In apparent recognition of the contributions it received from Accredo, HANJ identified Accredo as an “HSI-approved vendor” on its website. HANJ recognized HSI-approved vendors as maintaining the “highest quality of care” and “constantly supporting the community in numerous ways.” Notably, the website also directed users to “[r]emember to work with our HSI [approved] providers,” and published links to those providers’ websites. Although Accredo historically made significant donations to HSI/HANJ, one year it announced plans to reduce its contributions. HSI responded by sending letters to its members condemning Accredo for reducing its contributions, and requested they write to Accredo to restore funding.
Greenfield, then a vice president of Accredo, was asked by his company to analyze Accredo’s potential return on investment if it were to restore its donations to prior amounts. Greenfield concluded that if Accredo failed to do so, “all new and existing business [could be] at risk.” Recognizing this risk, Accredo responded by restoring its donations. Thereafter, Greenfield filed a qui tam suit against Accredo, alleging that it violated the FCA by falsely certifying its compliance with the AKS. Notably, the United States declined to intervene in Greenfield’s suit, which would have allowed it to participate in the case as a plaintiff.
The AKS prohibits knowingly and willfully offering or paying remuneration to any person to “induce such person” to (A) “refer an individual to a person for the furnishing … of any item or service for which payment may be made in whole or in part under a Federal health care program” or to (B) “purchase, lease, order, or arrange for or recommend purchasing, leasing, or ordering any good, facility, service, or item for which payment may be made in whole or in part under a Federal health care program.” 42 U.S.C. § 1320a-7b(b)(2). The purpose of the AKS is to ensure that health care provided to beneficiaries of public health insurance programs is the product of sound medical judgment, not illegal kickbacks. The statute was amended in 2010 to recognize explicitly the interplay with the FCA: “a claim that includes items or services resulting from a violation of this section constitutes a false or fraudulent claim for purposes of,” the FCA. 42 U.S.C. § 1320a-7b(g).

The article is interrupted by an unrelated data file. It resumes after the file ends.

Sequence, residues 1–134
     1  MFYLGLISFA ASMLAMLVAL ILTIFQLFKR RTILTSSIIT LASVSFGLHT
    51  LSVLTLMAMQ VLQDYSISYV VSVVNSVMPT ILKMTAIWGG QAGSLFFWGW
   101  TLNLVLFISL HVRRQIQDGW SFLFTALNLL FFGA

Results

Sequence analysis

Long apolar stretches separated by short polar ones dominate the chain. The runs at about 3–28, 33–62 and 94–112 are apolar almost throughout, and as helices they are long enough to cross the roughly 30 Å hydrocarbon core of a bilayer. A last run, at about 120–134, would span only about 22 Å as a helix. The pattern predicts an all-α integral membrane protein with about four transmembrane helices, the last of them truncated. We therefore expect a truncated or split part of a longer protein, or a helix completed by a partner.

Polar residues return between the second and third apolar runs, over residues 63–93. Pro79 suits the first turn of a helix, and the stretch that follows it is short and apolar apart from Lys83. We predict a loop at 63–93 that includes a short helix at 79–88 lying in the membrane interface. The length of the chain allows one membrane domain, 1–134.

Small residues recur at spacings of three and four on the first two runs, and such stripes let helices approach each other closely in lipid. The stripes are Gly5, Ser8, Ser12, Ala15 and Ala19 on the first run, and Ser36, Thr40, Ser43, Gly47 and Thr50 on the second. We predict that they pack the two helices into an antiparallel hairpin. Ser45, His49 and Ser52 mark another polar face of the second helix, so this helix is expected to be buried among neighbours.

Greenfield claimed that Accredo’s charitable contributions to HSI/HANJ were kickbacks intended to induce recommendations from HSI/HANJ to its members to utilize Accredo’s services. Greenfield argued that this amounted to an FCA violation because at least some of the referrals were directed to Medicare recipients, and Accredo falsely certified its compliance with the AKS when it sought reimbursement for claims.